3. Computer-aided design¶
In week 3, we covered 2D and 3D design. We looked at different 2D and 2.5D (raster, vector) and 3D design tools. The types of 3D design and the formats they can be saved in. In the global lecture, different game engines, simulation programs and audio and video recorders were presented. In addition to ways for compressing images and encoding audio and video. In the local lecture, Yrjö Louhisalmi, a previous Fab Academy graduate, gave us a brief introduction to Autodesk Fusion 360 and the different commands.
The tasks for the week were to try different:
- 2D raster tools
- 2D vector tools
- 3D tools
- To model a possible final project
For this week, I used one 2D raster tool, one 2D vector tool and one 3D tool described below.
It has been a while since I used GIMP, a free cross-platform image editor available for different operating systems. This week was mainly refreshing my knowledge and going through simple tasks like drawing shapes primarily using the Path, Gradient, and Paintbrush tools that are found in GIMP’s toolbox (these are highlighted in the image below).
One was creating a simple star-like image with a circle in the centre using the Path tool and the Paintbrush to colour it. The other was drawing a cube following this tutorial. The steps for creating the cube basically involve creating the three sides (left, right, and top) on different layers, joining them and applying a Gradient to get the different shades of blue (as in the image below) or which ever colour one uses. When done, you merge the three layers and can export and save it in different file types. For the other image, I just played around with the Path tool. I selected a rectangle from the tools box and turned into the star shape shown and added the circle in the centre. Both of the shapes are displayed below.
Similar to the tasks in GIMP, I mostly did simple tasks in Sketch to refresh my memory of the application. These included creating and interacting with different copies of objects, editing shapes and drawing vector shapes. The tutorial for editing shapes can be found here and that for drawing vector shapes from here. The tutorials outlined different techniques and shortcuts that can be used in Sketch to create and edit shapes. Below is an image of the different shapes.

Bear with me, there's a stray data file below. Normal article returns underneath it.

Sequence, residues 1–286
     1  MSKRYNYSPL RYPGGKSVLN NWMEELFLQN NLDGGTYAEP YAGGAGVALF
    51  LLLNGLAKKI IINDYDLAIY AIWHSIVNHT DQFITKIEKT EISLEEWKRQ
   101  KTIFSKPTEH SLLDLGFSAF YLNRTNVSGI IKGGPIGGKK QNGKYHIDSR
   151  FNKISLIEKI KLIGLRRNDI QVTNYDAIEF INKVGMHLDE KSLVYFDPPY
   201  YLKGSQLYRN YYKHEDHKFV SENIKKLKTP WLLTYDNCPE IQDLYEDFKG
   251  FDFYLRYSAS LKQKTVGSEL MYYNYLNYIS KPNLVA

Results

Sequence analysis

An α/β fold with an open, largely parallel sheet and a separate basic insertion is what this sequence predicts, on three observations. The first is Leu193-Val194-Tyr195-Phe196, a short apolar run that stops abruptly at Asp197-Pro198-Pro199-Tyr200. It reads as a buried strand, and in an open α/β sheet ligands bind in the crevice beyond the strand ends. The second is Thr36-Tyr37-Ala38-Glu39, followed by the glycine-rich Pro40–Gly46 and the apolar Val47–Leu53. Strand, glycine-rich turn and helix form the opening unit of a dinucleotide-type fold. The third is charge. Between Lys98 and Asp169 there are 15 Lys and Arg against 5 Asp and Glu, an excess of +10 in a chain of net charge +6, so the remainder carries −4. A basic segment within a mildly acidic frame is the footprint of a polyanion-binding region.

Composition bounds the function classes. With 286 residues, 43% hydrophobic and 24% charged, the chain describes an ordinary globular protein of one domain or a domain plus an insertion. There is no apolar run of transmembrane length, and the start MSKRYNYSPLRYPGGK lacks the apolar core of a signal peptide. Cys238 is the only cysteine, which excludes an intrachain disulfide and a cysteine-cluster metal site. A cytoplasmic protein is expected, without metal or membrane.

I also followed these instructions to create a Google Docs icon. The design file included in original files section.
Additionally, I modelled a possible final project logo. By applying constraints to ensure a symmetric shape, I drew multiple circles and combined them to form one shape using boolean operations (Layer > Combine).
Circles to be combined:
Boolean operations (Union, Subtract, Intersect, Difference) are the ways shapes can be combined into complex ones (at least in Sketch.) They include:
- Union: The result is a vector that is the sum of both vectors’ areas.
- Subtract: The result is a vector where the area of the top shape is removed from the one under it.
- Intersect: The result is a vector consisting of the parts where the original shapes overlapped.
- Difference: The result is a vector that is exactly the part where they didn’t overlap. It’s the inverse of an intersect operation.
Each shape is its own separate layer and when applying any of the boolean operations, it is important to remember that the top layer is always subtracted from the lower layer.
The multiple circles forming one combined shape.
After, this I added an icon and text (Insert > Text or press T on the keyboard) and the logo was done.
An alternative to the above is adding two other icons as in the image below.
Like the two tasks above, I just followed tutorials to familiarise myself with Fusion 360. Out of the three applications, Fusion is the least familiar to me so it took a bit of back and forth before getting these two done.
For the keyring, I followed the Initials Keyring tutorial from the WMG, International Manufacturing Centre’s website of Fusion tutorials. The tutorials are available in both written form and video which made it easy to follow. When tutorials are in written form and well annotated, it is easier to follow and understand.
- Autodesk Fusion 360
I could not do as much as planned because I was not feeling well over the weekend (when majority of the work gets done, if it does not involve using Fab Lab equipment) and at the beginning of this week. This is reflected in the minimal documentation for the week. For the Vector tool, I will either be using Sketch or Inkscape.
The final project idea is clear but the design is not yet decided. Hopefully, I will come up with a design before the final weeks.